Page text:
AMY GOODMAN: How would you feel if you were sent back to Iraq?

AARON WHITE: I wouldn’t like it.

AMY GOODMAN: Would you go?

AARON WHITE: I would go back. I would fulfill my obligation.

AMY GOODMAN: Have you heard about people who are not going back, who are refusing?

AARON WHITE: No. I haven’t heard of anybody refusing to go back. That’s what we’re there for, defending our country.

AMY GOODMAN: Do you think being in Iraq is defending our country?

AARON WHITE: Being in Iraq is — I don’t really know. Being over there — I think it is, that’s where it started from, so we are trying to go to the source. I feel we are trying to go to the source, and nip that in the bud.

AMY GOODMAN: Do you think Saddam Hussein had anything to do with 9-11? maybe.

AARON WHITE: Maybe. I think him, Saddam and Bin Laden are working together. I think they’re working together.

AMY GOODMAN: Did you ever hear reports that actually Osama Bin Laden hated Saddam Hussein?

AARON WHITE: No. I never heard of that.

AMY GOODMAN: Did you —

AARON WHITE: Not sure.

AMY GOODMAN: Did you all talk about it in your unit with your commanders while you were there?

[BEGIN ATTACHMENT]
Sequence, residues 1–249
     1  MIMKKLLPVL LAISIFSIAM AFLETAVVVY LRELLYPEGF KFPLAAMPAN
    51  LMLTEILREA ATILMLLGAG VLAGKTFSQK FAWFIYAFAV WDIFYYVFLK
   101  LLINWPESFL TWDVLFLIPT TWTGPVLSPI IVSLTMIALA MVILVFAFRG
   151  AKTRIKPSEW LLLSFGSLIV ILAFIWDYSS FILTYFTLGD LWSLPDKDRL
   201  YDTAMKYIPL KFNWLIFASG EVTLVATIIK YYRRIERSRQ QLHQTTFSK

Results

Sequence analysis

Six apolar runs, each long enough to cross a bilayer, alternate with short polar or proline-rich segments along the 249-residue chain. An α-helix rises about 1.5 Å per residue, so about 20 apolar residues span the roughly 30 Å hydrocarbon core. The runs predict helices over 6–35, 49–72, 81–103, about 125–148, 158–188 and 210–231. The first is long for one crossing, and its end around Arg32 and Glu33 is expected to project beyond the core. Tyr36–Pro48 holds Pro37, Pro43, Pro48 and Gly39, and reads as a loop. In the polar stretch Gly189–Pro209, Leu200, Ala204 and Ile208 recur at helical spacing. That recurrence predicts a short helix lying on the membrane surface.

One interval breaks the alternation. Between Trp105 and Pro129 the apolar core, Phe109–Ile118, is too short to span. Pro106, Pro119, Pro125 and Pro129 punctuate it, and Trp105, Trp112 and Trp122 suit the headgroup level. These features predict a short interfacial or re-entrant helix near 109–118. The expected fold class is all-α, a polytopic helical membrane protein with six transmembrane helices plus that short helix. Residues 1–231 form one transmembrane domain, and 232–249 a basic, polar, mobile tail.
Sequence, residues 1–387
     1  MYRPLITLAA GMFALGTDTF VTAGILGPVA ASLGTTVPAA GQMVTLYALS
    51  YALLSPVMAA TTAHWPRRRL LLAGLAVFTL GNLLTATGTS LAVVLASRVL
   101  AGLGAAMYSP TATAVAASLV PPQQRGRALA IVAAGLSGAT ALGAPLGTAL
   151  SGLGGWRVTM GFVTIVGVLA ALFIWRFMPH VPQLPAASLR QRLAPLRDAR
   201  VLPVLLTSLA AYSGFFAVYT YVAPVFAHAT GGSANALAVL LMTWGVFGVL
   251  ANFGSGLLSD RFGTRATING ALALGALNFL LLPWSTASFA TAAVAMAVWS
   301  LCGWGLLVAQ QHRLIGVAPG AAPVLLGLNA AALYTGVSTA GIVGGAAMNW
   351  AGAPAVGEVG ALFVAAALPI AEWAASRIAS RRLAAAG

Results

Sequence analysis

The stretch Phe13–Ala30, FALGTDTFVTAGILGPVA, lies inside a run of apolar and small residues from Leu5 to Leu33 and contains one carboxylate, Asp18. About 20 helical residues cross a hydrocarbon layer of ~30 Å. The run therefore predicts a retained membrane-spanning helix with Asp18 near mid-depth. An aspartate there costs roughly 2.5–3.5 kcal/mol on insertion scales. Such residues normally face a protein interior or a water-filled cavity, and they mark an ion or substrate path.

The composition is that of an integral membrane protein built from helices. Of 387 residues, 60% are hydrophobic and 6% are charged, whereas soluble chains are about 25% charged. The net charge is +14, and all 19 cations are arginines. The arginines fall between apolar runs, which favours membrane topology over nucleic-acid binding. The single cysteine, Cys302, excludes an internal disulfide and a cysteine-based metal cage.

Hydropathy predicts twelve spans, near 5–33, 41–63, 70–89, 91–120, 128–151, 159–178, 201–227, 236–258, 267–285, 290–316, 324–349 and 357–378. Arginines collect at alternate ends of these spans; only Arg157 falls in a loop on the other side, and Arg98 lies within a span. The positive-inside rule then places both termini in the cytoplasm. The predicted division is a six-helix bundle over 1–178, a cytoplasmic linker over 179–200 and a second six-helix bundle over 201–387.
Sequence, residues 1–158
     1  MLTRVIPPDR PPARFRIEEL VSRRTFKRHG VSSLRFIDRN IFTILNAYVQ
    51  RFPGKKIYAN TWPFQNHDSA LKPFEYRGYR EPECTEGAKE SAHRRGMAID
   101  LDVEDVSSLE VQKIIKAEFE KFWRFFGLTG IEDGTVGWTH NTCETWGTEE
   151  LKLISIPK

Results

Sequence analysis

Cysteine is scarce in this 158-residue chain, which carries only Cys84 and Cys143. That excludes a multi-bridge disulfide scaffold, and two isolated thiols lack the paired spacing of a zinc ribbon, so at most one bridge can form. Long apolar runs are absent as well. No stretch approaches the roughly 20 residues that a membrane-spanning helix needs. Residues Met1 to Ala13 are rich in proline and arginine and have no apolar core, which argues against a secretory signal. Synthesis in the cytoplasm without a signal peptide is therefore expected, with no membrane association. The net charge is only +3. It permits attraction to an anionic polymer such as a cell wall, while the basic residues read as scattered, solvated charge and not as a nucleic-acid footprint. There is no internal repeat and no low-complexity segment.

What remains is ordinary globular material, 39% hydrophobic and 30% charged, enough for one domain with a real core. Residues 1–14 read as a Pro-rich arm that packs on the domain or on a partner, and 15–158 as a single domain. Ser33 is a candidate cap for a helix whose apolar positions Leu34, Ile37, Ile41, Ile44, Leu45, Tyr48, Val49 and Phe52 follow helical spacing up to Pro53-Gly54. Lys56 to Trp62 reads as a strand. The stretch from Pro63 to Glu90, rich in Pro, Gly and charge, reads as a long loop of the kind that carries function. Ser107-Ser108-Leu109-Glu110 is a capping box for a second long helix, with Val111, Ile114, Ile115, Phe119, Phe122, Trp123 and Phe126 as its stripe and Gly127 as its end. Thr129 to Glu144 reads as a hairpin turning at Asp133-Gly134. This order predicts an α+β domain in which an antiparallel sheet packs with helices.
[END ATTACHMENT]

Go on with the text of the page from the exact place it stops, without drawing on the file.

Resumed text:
AARON WHITE: Yes. We talked about it. We were just there to do what we had to do.

AMY GOODMAN: Do you think Bush made a mistake?

AARON WHITE: I’m not sure. I’m not sure. Right now, it’s — it doesn’t look too good for the home team. It does not look too good. I mean, shooting out of helicopters, soldiers that are over there that haven’t been home for a year or maybe even more, but that’s part of the obligation. They have to fulfill that. They volunteered for it. But I just wish all of them the best of luck and hope they come home safe and sound. AMY GOODMAN: Did you know any soldiers who were killed?


AMY GOODMAN: Or wounded?

AARON WHITE: No. Nobody in my unit was wounded or anything.

AMY GOODMAN: What was Baghdad like?